John Waldo Green

Brief life of a conflicted musician: 1908-1989

Johnny Green, with his trademark white carnation and some of his musical works

In his early twenties, Johnny Green ’28 wrote the music for some two dozen hits, including “I Cover the Waterfront,” “Out of Nowhere,” “I Wanna Be Loved,” and above all the captivating ballad “Body and Soul.” His Depression-era songs touched millions with their passionate sense of longing and hope.

He “wrote with as much soul and emotion as anyone on the street,” remarked Wilfrid Sheed in his history of American popular music, The House That George Built. Green was also an exceptional pianist, conductor, arranger, and producer, combining musical talent with a showman’s flair and a corporate manager’s toughness. From 1949 to 1958, he was general music director and executive in charge of music at Metro-Goldwyn-Mayer, responsible for many of the studio’s landmark musicals and film scores. In a 1955 Variety interview, he argued for replacing the lush, formulaic “Hollywood sound” of the 1930s and 1940s with a “sparse and linear” music and a more individual style. Nominated 14 times for an Academy Award, he won for his orchestrations of Easter Parade, An American in Paris, West Side Story, and Oliver! Sporting his trademark white carnation, he served 17 years as orchestra conductor and music director for Oscar Night and introduced the practice of striking up the appropriate musical theme the instant a winner is announced. 

Green had magnetic charm and an exuberant sense of humor; he was a stylish dresser whose sartorial ideal was Fred Astaire and a raconteur who practiced his jokes in front of a mirror. But he also had an enormous need to be taken seriously. The suicides of an adoring mother and beloved younger brother—and the unbending expectations of a harsh father, a real-estate magnate and banker—created inner tensions for much of his life. He sought the prestige accorded classical composers and conductors, but his achievements remain rooted in Tin Pan Alley and Hollywood. His failures hurt: he was devastated when his critically acclaimed original score for the 1957 film Raintree County failed to win an Oscar.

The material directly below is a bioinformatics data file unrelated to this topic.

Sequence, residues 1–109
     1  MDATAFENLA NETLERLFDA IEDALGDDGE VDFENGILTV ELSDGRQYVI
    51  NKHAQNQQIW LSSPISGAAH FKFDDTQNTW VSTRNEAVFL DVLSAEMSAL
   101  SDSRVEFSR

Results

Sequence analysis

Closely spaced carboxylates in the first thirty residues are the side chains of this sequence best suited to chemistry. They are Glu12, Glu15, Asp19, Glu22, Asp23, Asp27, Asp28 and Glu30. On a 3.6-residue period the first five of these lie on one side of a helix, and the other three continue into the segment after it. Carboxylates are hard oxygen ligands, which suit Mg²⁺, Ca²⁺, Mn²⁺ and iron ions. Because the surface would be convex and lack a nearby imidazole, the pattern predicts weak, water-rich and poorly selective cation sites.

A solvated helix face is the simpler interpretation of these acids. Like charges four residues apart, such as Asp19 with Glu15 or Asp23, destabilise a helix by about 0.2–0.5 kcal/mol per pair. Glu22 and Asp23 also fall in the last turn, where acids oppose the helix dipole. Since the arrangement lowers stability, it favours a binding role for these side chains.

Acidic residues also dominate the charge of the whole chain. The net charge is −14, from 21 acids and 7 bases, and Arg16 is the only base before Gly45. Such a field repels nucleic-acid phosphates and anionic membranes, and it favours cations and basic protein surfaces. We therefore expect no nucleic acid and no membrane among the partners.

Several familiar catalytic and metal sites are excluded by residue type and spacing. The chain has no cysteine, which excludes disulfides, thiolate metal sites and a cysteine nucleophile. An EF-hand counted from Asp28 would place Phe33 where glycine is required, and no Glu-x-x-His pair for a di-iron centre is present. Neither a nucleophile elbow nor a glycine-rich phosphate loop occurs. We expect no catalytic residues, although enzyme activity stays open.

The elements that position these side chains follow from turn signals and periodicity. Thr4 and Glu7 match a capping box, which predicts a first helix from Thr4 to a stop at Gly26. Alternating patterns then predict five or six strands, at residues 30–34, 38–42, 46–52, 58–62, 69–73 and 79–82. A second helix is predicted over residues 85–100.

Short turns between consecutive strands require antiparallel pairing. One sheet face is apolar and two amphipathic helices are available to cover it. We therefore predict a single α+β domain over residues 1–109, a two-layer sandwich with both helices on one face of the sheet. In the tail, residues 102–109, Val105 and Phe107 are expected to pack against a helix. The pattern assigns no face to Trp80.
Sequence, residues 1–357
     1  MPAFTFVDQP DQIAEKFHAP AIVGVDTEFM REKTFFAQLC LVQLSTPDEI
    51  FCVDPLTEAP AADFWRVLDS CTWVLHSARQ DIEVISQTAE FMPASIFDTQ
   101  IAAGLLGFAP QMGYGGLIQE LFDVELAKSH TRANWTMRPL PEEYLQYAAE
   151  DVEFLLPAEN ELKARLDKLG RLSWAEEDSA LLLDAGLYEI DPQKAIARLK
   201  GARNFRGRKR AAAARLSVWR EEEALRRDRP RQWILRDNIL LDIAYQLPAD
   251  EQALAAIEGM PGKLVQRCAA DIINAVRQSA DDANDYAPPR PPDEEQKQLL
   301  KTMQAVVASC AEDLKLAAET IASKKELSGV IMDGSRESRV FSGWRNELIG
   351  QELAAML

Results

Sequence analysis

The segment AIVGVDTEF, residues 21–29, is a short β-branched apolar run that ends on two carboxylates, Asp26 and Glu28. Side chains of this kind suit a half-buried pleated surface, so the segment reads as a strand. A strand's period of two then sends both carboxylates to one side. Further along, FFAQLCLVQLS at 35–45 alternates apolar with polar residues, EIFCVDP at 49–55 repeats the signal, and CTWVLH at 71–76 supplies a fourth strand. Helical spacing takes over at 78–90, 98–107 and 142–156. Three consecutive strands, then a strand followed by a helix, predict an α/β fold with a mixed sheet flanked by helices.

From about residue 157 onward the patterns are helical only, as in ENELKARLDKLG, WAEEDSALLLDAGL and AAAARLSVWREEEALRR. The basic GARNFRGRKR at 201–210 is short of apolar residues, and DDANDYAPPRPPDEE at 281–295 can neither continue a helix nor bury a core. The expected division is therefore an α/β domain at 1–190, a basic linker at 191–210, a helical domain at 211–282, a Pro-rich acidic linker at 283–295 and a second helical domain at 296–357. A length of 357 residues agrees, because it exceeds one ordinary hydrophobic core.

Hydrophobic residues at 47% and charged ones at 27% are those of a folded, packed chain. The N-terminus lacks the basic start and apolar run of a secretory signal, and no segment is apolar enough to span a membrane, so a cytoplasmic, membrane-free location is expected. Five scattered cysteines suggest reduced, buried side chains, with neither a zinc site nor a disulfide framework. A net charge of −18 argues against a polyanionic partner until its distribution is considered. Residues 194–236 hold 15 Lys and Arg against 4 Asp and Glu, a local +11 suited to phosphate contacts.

Music influenced him early. Both parents, cultured New Yorkers, were proficient amateur pianists, and his mother took him to his first symphony concert when he was four. (He said afterwards that he wanted to spend his life not just making music but being the conductor.) At 14, he met George Gershwin and performed a Gershwin tune on the composer’s piano to show him how it ought to be played. When Harvard accepted Green at 15, his father pressured him to choose economics instead of music as a concentration, declaring, “There is no bum like a pretty good artist, and you’re a pretty good artist.” Even so, Green as a freshman organized the Cambridge Serenaders, an 11-piece band that later became the Harvard Gold Coast Orchestra. When band leader Guy Lombardo heard the orchestra, he hired Green to write arrangements for the newly formed Royal Canadians. “Coquette,” which Green composed for Lombardo the summer before his senior year, became an overnight sensation, but he was offended when Harvard’s Hasty Pudding Club didn’t invite him to compose for its musical.


After a year’s hiatus as a graduate student in English and a clerk on Wall Street, Green decided once and for all to pursue a career in music, forming a songwriting partnership with lyricist Edward Heyman only months before the stock market crashed. Desperately in need of work, he wrote four pieces for singer-comedienne Gertrude Lawrence, whom he had once invited to perform with the Serenaders at Harvard. She paid $250 for the lot, one of them “Body and Soul.” As recorded by the Paul Whiteman Orchestra, the song was number one on the charts for six weeks, but it was banned from the radio for nearly a year for its sexually suggestive lyrics, further enhancing its popularity. “Body and Soul” secured Green’s induction in 1972 into the Songwriters’ Hall of Fame: “You don’t write ‘Body and Soul’ unless you’re some kind of genius,” a fellow songwriter remarked.

In the early 1930s, Green served as composer-conductor at Paramount’s film studios in Astoria, New York; later, “Johnny Green, His Piano and Orchestra” provided sophisticated swing music at posh hotels and on popular radio shows. New opportunities lured him to Hollywood in 1942; he worked as a composer and conductor for several studios before moving to MGM as music director. Meanwhile, he realized his childhood dream as conductor of the Los Angeles Philharmonic at the Hollywood Bowl for more than 20 seasons, and in appearances with other symphony orchestras, although these favored lighter “pops” programs over serious classical works. 

In 1978, after writing what he described as “so little original music of importance,” he received a commission from the Denver Symphony Orchestra to write a one-movement symphony for the dedication of a new performing arts center. Green, a secular Jew whose conversion to Christianity was inspired by his third wife, beauty queen Bonnie (Bunny) Waters, ascribed the breakthrough to divine intervention: “That’s got to be somebody trying to tell me something. And I happen to know who that Somebody is!” He titled the symphony “Mine Eyes Have Seen.” 

But the work’s successful completion was also a reminder of the road not taken. “It’s regrettable,” Green admitted to classmates toward the close of his career, “that I spent all those years (and, far from incidentally, made all that money!) slaving over other people’s music instead of creating my own.”

Sol Hurwitz ’53 has written on music and the arts for the New York Times, the Washington Post, the Christian Science Monitor, and JazzTimes.

Read more articles by: Sol Hurwitz

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